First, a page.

OGL also made passing mention of Dourdoigne tubs, a name I vaguely remember from my youth, mainly because the old lags and wags suggested they were horribly misshapen. The joke went that when you rode them you’d be bounced up and down and the tubs would emit a sound like a twanged spring: duh-doing, duh-doing, duh-doing.

Much happier with the cold, than the rain, TripleD-Be reminisced about how this type of weather was great for revealing all the neighbourhood cannabis growers in the Netherlands, as they were the ones whose roofs were always ice free. Meanwhile, we had a chuckle about the poor cannabis farmer in Spain, who only had his secret crop revealed by an unfortunate, once-in-a-lifetime fly-past by the camera helicopters following the Vuelta.

Following fairly short run to the cafe and with time to spare, Aether proposed a longer run for home, which would also avoid the potential of icy back roads on the way to Ogle.

Pretty much everyone agreed, so we left the (eerily quiet cafe) and turned left instead of right, striking out further north and east, before working our way back toward home.


G-Dawg led most of the way, selecting his own route options, as every time he called back to Aether for instruction, he was ignored. It turned out that Aether had snapped his mudguard on leaving the cafe (I swear those clip-on race blades get really brittle in the cold) and had stopped to pick up the pieces. As a consequence he was riding at the back of our group and oblivious to the calls for direction.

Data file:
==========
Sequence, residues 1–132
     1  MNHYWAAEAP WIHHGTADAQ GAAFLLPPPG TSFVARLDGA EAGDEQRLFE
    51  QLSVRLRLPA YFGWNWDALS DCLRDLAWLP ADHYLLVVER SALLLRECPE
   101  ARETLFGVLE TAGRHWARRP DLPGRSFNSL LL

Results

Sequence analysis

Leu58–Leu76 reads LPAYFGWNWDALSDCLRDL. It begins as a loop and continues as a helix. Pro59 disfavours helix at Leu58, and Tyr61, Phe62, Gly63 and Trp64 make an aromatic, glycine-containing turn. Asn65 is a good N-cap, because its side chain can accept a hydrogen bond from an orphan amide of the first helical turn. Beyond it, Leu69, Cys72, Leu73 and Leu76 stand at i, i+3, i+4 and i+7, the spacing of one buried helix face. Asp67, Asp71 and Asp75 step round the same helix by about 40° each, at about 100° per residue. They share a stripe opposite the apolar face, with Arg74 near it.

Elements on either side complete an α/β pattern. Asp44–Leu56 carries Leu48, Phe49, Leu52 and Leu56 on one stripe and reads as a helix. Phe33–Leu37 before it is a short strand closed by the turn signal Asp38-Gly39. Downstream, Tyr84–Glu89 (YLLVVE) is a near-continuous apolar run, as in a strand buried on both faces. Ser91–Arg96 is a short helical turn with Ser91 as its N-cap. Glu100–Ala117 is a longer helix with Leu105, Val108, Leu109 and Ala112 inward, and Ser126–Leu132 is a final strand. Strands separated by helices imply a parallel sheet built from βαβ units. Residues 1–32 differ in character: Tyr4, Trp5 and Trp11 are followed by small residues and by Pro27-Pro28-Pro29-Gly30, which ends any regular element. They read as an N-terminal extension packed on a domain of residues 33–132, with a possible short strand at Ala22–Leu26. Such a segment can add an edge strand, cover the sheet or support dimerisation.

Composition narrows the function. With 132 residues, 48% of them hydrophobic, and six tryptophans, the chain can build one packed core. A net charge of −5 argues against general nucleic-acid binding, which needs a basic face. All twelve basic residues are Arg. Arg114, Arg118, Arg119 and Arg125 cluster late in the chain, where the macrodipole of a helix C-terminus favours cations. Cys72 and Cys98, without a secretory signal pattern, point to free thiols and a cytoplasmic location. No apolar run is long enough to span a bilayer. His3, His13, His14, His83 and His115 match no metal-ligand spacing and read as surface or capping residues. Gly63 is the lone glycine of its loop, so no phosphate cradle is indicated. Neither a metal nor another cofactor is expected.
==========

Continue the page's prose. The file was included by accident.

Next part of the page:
As we passed our usual turn off for Berwick Hill, seemingly still heading in the wrong direction, a worried Goose wondered aloud if we were ever going to get home.

Despite a lack of instruction, constant debate on the best route and a nagging worry amongst some that we were heading in completely the wrong direction, we stayed together as a group until the Prestwick turn, when most went left, while I continued straight across.

I found myself travelling with Aether and Famous Sean’s and was happy to sit in their wheels until it was my turn to swing off and strike out for home alone.

Climbing past the golf course, I stopped to remove the gilet, the temperature must have ticked up a couple of degrees and I was getting uncomfortably warm. There was nothing I could do about the lobster mitts though, they’d kept my hands appreciatively warm throughout the day, but were now proving a little too insulated.

Still, better too hot than numbly cold and the long drop back into the river valley helped me shed some of the excess heat I’d accumulated. From there it was a straightforward dash to the Heinous Hill and home.

I don’t know whether to leave the last words to Dourdoigne tubs, or Musical Youth.

I think perhaps it has to be the latter …

Ba-bong-bong-diddly-bong-bong-diddly-bong-bong-diddly-boik!


YTD Totals: 7,327 km / 4,553 miles with 94,505 metres of climbing